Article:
Our last full day in Reine had a slow start as there had been snow falls during the night which continued throughout the morning.  It made a pretty picture looking out from the window of our base.  Eventually, we left and headed out.  Stopping to take photos on a small bridge just outside of Reine, we were able to capture conditions and images not normally available!  High mountains had disappeared in the blizzard leaving eerie ghost-like forms appearing briefly.  Houses almost disappeared in the blizzard.

We stopped briefly at Sakrisøya beach where we'd visited previously before carrying on to Skagsanden beach near Flakstad.  There were quite a few other photographers at this spot and all seeming to want the same space.  I looked around for a spot of my own and set the camera to capture slower water movements.  All of a sudden, a much larger wave came through.  I grabbed my tripod and ran backwards, however not fast enough to avoid another deluge of water in my boots!  When I looked at the image I'd captured, I was quite pleased with the result; it was worth the discomfort!

Moving on to our next stop we were treated to some dramatic light displays on the shore near Vareid.  We'd been here a couple of days earlier during daylight hours.  Now we were here to capture the light and high tide causing waves to crash into the rocks.  I preferred to have the experience from a distance and was able to capture Adrian as he braved the waves and spray.  As the sun began to set, it lit up a small settlement on the opposite shore in a dramatic way.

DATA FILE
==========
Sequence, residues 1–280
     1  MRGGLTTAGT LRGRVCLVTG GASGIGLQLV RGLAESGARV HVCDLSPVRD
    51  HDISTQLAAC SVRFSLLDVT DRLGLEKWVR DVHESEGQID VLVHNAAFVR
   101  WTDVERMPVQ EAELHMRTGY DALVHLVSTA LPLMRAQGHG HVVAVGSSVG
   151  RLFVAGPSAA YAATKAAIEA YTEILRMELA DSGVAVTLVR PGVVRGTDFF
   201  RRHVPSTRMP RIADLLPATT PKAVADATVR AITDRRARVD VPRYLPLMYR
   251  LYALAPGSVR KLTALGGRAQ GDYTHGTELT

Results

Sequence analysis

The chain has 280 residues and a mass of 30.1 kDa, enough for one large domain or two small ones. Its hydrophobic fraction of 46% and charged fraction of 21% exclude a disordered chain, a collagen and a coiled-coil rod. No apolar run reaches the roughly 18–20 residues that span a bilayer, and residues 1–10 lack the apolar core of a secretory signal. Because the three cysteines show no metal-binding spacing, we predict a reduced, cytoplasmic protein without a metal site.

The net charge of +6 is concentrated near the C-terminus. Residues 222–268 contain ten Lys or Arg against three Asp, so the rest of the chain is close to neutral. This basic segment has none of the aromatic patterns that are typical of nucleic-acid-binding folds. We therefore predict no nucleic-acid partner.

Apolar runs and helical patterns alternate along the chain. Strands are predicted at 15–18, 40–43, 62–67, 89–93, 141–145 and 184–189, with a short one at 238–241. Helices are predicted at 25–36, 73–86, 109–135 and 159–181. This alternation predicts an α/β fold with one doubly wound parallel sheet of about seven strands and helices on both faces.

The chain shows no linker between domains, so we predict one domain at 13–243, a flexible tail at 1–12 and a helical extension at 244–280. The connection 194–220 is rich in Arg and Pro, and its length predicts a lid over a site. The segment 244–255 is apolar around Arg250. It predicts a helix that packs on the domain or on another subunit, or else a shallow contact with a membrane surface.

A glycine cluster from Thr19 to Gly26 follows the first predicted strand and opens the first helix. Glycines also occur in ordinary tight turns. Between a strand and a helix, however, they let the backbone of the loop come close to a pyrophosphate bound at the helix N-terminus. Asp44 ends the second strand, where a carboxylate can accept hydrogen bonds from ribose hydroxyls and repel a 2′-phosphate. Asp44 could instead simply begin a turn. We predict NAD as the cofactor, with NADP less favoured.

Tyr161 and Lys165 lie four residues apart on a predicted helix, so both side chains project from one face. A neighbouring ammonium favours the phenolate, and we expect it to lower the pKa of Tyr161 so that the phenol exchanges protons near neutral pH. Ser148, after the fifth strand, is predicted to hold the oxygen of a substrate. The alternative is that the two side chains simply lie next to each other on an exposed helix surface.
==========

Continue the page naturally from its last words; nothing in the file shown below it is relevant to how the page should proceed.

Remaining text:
I'd had my fill of boulders and crashing waves and turned my attention towards Vitken village, a little way in the distance.  It was fascinating to watch the light changing the vista.  As the sun went down it was less dramatic than earlier displays yet just as beautiful.  I took some long exposures as colours formed above the mountains.  I decided to walk towards the village whilst the others were still taking photos on the boulders.  Along the road I suddenly felt I was slipping more than normal.  Looking down I realised I had lost one of the tracks from my boot.  Retracing my footsteps, I was able to see the path I'd taken by my unusual footprints!  Eventually I arrived back at the beach, looked towards the boulders and spotted my track waiting for me in a patch of snow.  I retrieved it and put it in place again then decided to wait in the car and look at my phone.  It was then I learnt of the drastic measures being considered with regard to Norweigan airports and flights.